That said, nationally, the Pakistani media is not covering the U.S. relief effort very closely. They're focusing -- perhaps not surprisingly -- on the Pakistani relief effort. And in a sign of the sensitivity of simply being associated with the U.S., the U.S. will not identify local Pakistani NGOs that it's giving aid to so it doesn't open up the risk that they're subject -- that they're targeted for terror attacks.
AMANPOUR: And, Jim, very quickly, the Pakistani troops, are they being diverted from fighting the militants?
SCIUTTO: Well, there are 50,000 Pakistani troops involved in this relief effort. Pakistani officials say that none of them have been diverted from the border or from counterterror operations. And U.S. officials that we've spoken to today say they believe those reassurances. And they say, Christiane, that counterterror operations with the Pakistanis are underway as we speak.
AMANPOUR: Jim, thanks so much, from Islamabad.
And in response to my questions on the disaster, you can see comments from U.S. Special Representative to Afghanistan and Pakistan Richard Holbrooke on our Web site at abcnews.com/thisweek.
And coming up next, the president's decision to weigh in on the controversial Islamic center near Ground Zero on our roundtable with Cokie Roberts, Matthew Dowd, David Ignatius, and Chrystia Freeland.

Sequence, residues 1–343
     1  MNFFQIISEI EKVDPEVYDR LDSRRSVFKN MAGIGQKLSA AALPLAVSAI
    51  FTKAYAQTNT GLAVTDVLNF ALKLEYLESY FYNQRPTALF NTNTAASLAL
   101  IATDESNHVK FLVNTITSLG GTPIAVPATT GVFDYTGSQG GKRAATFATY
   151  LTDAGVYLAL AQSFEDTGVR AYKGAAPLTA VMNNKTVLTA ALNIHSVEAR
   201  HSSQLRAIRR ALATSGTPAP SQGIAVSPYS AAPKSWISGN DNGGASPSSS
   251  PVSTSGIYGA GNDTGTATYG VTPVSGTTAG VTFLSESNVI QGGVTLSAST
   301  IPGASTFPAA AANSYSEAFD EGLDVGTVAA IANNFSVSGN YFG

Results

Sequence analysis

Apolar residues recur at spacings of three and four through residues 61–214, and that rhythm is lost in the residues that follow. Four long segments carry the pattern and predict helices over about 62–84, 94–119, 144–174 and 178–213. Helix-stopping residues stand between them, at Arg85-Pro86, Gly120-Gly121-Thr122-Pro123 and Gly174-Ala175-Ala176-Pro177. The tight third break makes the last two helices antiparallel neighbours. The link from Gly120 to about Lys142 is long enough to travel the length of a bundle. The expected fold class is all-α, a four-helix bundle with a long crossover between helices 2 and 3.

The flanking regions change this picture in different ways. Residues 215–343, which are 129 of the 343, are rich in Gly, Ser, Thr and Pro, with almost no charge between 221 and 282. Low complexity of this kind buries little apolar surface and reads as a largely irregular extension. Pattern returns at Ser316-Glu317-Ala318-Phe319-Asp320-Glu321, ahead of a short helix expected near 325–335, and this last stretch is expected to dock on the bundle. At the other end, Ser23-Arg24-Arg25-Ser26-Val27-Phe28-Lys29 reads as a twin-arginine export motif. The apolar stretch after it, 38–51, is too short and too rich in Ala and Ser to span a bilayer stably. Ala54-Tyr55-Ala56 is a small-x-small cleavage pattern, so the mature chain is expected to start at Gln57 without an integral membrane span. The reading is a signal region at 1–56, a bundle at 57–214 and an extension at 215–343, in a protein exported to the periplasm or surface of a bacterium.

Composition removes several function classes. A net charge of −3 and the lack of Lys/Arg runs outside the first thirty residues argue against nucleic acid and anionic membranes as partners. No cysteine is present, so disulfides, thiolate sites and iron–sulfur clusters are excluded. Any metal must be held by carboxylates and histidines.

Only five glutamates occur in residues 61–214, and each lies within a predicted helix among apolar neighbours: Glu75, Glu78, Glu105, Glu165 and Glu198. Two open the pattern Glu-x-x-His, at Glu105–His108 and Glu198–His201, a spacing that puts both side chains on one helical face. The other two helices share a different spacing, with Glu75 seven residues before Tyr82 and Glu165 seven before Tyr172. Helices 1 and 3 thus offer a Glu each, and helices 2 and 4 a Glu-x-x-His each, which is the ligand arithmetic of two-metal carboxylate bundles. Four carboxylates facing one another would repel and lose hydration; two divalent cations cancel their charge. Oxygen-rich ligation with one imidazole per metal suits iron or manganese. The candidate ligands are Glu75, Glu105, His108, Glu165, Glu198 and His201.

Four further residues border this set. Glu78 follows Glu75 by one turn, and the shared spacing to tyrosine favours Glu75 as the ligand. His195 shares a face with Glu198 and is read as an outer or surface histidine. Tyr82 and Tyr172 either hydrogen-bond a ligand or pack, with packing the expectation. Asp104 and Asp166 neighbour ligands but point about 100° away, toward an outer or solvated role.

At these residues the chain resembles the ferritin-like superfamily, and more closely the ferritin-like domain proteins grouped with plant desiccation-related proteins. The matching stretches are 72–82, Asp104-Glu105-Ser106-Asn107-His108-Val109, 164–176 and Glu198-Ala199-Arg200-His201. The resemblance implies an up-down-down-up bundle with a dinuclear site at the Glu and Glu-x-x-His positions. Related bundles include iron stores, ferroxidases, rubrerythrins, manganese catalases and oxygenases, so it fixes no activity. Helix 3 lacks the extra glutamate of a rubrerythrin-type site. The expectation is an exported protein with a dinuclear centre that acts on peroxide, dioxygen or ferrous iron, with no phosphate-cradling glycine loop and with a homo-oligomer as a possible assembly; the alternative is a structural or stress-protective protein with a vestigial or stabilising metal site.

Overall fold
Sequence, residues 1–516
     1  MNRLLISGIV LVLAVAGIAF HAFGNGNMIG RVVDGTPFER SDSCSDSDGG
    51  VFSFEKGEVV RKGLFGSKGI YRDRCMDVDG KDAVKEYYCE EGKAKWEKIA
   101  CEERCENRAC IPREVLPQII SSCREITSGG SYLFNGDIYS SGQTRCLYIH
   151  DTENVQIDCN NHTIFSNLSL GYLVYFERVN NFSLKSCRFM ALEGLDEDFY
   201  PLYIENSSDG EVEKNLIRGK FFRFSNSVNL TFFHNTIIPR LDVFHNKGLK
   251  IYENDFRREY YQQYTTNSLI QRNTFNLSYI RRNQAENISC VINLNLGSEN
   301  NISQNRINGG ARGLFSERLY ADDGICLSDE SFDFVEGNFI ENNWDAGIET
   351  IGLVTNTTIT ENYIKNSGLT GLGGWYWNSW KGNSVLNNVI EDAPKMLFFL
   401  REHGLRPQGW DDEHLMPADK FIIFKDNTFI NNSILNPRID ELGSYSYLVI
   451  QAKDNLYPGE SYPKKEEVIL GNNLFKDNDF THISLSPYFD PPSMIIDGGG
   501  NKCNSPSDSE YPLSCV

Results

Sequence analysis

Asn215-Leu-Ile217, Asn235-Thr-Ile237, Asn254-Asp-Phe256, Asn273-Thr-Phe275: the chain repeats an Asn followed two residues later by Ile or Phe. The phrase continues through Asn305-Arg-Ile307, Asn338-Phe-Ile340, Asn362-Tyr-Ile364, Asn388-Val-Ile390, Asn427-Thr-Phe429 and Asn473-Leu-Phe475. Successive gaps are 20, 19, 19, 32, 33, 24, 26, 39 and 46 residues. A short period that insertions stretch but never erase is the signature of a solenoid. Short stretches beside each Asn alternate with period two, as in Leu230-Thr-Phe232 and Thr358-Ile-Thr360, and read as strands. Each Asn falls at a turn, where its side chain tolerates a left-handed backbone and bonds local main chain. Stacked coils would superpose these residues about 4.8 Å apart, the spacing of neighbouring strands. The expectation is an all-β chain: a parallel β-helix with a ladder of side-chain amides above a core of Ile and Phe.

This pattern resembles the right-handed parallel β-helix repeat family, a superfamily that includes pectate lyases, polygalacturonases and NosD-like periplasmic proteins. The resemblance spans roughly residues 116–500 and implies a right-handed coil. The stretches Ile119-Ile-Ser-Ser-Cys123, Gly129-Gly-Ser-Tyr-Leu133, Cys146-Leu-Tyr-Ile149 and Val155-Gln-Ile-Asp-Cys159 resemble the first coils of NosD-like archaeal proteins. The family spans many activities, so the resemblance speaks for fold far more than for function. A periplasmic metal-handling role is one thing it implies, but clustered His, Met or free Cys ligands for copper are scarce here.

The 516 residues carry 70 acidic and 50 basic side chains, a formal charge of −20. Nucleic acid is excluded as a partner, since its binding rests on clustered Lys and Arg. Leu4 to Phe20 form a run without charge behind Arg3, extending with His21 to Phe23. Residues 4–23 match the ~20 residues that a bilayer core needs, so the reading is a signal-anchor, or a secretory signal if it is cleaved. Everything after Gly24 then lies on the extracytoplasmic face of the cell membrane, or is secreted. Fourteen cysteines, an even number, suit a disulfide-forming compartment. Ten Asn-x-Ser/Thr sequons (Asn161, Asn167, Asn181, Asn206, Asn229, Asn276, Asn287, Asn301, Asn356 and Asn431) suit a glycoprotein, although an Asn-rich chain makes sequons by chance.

ABC News "This Week with Christiane Amanpour" Roundtable: Cokie Roberts, Matthew Dowd, David Ignatius, Chrystia Freeland Sunday August 15 2010
(BEGIN VIDEO CLIP)
(UNKNOWN): How is that healing, by building a mosque, an in-your-face mosque at Ground Zero?
(UNKNOWN): It's like spraying swastikas all over a Jewish memorial.
BLOOMBERG: We would be untrue to the best part of ourselves and who we are as New Yorkers and Americans if we said no to a mosque in lower Manhattan.
KING: This is such a sensitive issue. This, to me, is such a wrong place to have a mosque such as this.
OBAMA: I believe that Muslims have the right to practice their religion, as everyone else in this country. That includes the right to build a place of worship and a community center on private property in lower Manhattan in accordance with local laws and ordinances.
(END VIDEO CLIP)
AMANPOUR: The president waded into the controversy over the Islamic center near Ground Zero, one of the topics that we'll be discussing this morning in our roundtable, with political strategist Matthew Dowd, Chrystia Freeland of Thomson Reuters, David Ignatius of the Washington Post, and our own Cokie Roberts. George Will is still on vacation.
Thank you all for joining us. You did see that speech by the president on Friday night at the Iftar Ramadan dinner at the White House. Why do you think he said that then?
ROBERTS: I think he said that then because he actually believes that, but the real question is, why that he didn't say the next day something more? Do you want to talk about that?
AMANPOUR: Yes, we do, because we're going to put up some poll numbers and just show everybody what the poll numbers are on this issue. One poll says, when they ask about what people think about the plan to build the mosque, that only 30 percent say it's appropriate and 64 percent say it's wrong, but when they say do the Muslim group have a right to build the mosque, 61 percent say yes and 34 percent say no.